[56] ( B -4) Jesuit Refugee Service in Asia-Pacific, Issue 31, November
[57] ( B -5) ICVA mission to Burma report.
[58] UN High Commissioner for Refugees, "The State of the Worlds Refugees
     1993: the Challenge of Protection", pp 5, "Many of the people in need
     of protection are fleeing from armed conflict, generalized violence,
     severe disrption of public order or widespread abuses of human rights.
     Their claims to international protection are widely acknowledged, even
     though they may not always conform to the notion of persecution found
     in the 1951 convention relating to the Status of Refugees(see box 2).
     The situations from which they flee do not necessarily entil
     individually targeted persecution but do provide fertile breeding
     grounds for it."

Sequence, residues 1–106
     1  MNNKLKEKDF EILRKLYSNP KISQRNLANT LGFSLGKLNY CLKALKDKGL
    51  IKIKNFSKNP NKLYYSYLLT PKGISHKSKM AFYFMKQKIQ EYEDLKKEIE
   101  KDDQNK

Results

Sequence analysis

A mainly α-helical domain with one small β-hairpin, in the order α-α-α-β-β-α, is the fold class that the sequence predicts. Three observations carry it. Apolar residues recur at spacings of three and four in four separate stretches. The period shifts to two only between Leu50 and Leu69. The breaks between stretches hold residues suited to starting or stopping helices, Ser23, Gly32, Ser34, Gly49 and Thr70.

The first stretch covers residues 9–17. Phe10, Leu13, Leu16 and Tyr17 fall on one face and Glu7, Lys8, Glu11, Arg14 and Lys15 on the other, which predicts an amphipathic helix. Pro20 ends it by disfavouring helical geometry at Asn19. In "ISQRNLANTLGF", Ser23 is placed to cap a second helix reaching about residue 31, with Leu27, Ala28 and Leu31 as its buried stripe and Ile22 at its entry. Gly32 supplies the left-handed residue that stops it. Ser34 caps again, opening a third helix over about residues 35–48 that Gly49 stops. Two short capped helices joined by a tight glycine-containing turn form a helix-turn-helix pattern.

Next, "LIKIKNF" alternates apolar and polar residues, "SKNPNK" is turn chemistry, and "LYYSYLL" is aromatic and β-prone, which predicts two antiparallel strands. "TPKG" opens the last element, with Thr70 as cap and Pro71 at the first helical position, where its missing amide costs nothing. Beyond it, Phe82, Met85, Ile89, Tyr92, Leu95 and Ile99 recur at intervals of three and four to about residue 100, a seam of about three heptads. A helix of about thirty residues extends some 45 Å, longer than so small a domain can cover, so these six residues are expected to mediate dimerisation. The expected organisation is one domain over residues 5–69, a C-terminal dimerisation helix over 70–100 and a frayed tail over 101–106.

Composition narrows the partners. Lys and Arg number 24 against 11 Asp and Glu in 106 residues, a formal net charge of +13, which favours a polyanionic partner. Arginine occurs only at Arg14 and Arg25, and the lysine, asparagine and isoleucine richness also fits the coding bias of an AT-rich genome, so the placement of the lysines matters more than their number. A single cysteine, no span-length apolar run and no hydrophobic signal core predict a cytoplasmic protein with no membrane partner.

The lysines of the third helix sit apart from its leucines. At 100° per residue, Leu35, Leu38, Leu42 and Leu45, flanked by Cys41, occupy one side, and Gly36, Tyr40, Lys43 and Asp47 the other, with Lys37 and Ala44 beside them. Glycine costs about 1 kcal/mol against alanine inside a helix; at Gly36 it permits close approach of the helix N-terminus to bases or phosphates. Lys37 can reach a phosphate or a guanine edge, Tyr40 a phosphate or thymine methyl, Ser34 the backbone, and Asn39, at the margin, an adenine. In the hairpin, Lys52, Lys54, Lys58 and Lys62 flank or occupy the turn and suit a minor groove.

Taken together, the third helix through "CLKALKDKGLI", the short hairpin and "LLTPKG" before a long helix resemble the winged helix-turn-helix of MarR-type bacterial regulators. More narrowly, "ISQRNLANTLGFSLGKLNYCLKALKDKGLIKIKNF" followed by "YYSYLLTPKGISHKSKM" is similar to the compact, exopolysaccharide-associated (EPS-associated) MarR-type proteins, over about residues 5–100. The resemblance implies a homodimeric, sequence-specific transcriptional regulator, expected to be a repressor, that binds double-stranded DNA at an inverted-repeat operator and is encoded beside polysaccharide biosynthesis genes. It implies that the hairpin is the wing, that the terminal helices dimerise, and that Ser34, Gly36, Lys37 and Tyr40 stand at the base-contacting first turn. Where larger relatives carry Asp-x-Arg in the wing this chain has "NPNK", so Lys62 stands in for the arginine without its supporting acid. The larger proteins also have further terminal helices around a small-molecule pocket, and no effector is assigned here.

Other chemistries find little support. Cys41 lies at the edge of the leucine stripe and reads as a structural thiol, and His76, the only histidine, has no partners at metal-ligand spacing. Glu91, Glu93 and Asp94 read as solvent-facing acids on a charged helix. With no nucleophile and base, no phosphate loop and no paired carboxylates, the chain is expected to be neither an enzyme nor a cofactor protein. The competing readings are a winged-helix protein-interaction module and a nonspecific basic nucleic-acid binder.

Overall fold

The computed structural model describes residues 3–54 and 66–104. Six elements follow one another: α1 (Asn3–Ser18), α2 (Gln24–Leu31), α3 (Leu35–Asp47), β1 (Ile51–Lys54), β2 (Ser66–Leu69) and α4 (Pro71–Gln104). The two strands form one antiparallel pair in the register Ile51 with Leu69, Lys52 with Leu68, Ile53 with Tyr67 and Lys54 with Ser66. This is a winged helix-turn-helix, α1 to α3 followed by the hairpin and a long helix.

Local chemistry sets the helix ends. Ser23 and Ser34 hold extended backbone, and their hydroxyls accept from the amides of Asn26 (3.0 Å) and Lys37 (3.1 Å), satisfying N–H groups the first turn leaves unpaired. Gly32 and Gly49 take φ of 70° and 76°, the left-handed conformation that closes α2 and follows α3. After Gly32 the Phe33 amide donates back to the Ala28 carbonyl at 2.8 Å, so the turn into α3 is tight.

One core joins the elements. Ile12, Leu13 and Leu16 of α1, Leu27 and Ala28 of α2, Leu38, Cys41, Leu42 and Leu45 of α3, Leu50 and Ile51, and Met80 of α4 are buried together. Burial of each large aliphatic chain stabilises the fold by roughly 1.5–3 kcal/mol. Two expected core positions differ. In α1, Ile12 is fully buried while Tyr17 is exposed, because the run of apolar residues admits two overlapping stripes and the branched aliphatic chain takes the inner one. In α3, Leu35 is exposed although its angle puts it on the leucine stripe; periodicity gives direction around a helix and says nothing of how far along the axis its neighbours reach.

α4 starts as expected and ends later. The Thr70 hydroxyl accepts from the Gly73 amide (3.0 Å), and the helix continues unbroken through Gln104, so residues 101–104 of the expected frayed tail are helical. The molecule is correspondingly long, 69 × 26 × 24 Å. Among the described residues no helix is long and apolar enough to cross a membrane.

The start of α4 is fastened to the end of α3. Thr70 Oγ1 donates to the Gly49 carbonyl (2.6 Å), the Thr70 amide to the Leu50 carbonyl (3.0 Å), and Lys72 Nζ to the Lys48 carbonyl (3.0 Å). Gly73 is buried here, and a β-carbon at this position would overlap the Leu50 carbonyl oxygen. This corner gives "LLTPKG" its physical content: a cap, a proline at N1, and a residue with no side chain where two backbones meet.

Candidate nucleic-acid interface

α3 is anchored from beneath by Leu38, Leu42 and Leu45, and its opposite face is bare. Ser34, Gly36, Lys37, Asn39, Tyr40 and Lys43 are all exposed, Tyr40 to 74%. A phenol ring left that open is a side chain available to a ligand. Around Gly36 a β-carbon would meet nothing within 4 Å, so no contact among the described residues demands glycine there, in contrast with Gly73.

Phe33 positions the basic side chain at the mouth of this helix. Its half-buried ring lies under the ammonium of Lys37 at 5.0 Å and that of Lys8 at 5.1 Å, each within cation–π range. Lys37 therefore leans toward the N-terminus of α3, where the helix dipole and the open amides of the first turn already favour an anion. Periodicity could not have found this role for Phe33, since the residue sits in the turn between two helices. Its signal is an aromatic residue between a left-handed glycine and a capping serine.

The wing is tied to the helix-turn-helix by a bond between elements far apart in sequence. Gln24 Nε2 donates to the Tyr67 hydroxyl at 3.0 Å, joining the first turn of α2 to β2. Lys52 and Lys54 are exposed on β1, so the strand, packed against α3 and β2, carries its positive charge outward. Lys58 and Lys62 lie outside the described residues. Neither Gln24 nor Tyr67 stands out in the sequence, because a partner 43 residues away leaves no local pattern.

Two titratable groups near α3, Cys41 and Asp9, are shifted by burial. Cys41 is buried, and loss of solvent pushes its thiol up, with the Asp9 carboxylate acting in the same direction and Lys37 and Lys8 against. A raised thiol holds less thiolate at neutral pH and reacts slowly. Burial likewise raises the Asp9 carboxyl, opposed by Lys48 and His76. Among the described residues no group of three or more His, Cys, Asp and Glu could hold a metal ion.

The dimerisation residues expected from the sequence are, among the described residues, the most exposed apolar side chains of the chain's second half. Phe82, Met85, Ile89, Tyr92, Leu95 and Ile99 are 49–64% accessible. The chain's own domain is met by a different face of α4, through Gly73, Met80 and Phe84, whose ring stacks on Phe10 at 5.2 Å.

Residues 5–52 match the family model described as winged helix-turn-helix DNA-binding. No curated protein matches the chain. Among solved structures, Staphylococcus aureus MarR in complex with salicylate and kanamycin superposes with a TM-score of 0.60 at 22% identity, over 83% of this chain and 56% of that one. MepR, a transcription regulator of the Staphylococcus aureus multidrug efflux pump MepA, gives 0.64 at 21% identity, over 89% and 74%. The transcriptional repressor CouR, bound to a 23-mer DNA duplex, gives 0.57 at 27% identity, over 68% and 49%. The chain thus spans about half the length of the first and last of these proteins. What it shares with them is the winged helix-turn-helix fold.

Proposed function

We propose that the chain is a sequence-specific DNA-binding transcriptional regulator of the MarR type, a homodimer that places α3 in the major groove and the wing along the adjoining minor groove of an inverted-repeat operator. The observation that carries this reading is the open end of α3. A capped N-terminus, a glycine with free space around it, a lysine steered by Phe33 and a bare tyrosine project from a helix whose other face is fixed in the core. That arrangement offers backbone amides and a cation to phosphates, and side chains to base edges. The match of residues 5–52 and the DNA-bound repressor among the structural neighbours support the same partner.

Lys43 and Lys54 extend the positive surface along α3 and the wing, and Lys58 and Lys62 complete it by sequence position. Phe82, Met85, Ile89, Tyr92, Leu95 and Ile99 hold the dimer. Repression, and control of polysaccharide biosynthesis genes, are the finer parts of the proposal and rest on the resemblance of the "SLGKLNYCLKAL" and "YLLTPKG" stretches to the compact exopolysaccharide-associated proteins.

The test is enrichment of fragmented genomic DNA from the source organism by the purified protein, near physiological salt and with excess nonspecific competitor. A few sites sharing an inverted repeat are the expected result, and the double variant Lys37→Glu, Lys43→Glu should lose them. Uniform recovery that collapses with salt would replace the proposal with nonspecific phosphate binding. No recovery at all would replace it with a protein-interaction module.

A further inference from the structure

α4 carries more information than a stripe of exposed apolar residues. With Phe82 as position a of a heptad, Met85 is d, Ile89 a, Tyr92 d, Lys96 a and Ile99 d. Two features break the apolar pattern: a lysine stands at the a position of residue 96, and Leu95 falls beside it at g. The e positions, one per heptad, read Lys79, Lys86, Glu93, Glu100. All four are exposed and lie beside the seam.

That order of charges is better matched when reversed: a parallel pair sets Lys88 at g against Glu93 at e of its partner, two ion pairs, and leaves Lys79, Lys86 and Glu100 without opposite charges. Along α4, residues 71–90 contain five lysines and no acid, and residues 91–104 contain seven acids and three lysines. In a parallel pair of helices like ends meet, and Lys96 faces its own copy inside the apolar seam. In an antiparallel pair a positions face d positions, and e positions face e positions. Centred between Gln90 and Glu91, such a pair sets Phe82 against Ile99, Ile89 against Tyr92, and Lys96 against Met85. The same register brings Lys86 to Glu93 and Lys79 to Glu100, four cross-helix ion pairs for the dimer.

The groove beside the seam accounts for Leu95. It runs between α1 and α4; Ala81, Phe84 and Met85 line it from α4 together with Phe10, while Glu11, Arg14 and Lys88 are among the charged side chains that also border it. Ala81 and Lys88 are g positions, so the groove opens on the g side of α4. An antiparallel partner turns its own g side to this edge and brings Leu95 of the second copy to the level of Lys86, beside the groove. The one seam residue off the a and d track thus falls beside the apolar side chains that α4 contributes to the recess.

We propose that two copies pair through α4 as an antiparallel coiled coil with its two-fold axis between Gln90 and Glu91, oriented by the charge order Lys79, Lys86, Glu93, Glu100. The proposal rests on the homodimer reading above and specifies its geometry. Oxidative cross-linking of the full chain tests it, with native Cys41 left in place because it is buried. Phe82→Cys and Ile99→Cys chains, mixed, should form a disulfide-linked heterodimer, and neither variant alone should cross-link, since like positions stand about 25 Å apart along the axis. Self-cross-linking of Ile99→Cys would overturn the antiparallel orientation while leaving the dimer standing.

[59] Asia Watch, "Abuses against Burmese Refugees in Thailand", Vol. No 4
     Issue No 7, 20 March 1992.
[60] bangkok Post, 30 June 1994.
[61] National Democratic Front, 24 July 1994.
[62] ( C -1) Bangkok Post, 30 June 1994.
[63] ( C -2) Burma Action Group UK, November 1992. Martin Smith, "Burma:
     Insurgency and Politics of Ethnicity ", 1991.
[64] A Breif History of National Democratic Front(Burma),(Private
[65] The complexity of ethnic armed insrugency issue in Burma has long been
     recognised. The evolvement of ideals and actions of the insurgents
     are also dictated by the necessity to survive in revolution. These
     facts are further complicated by the presense of private militias,
     which take advantage of lawlessness in remote areas, formed solely for
     production and trafficking of illicit drugs.
[66] Bertil Lintner,"The Politics of the Drug Trade in Burma", Indian
     Ocean Centre for Peace Studies occasional paper Mo 33. the University
     of Western Australia, May 1993.
[67] ( C -3) Australia Council For Oversea Aid, seminor on Burma, May 27,
[68] Burma Information Group, October 1993;The New Light Of Myanmar,
     16/9/94 stated,"...Others include the creation of a federal union and
     a multi-party democracy system with freedom of expression and worship
     as well as seven ethnic minority states with equal status, authority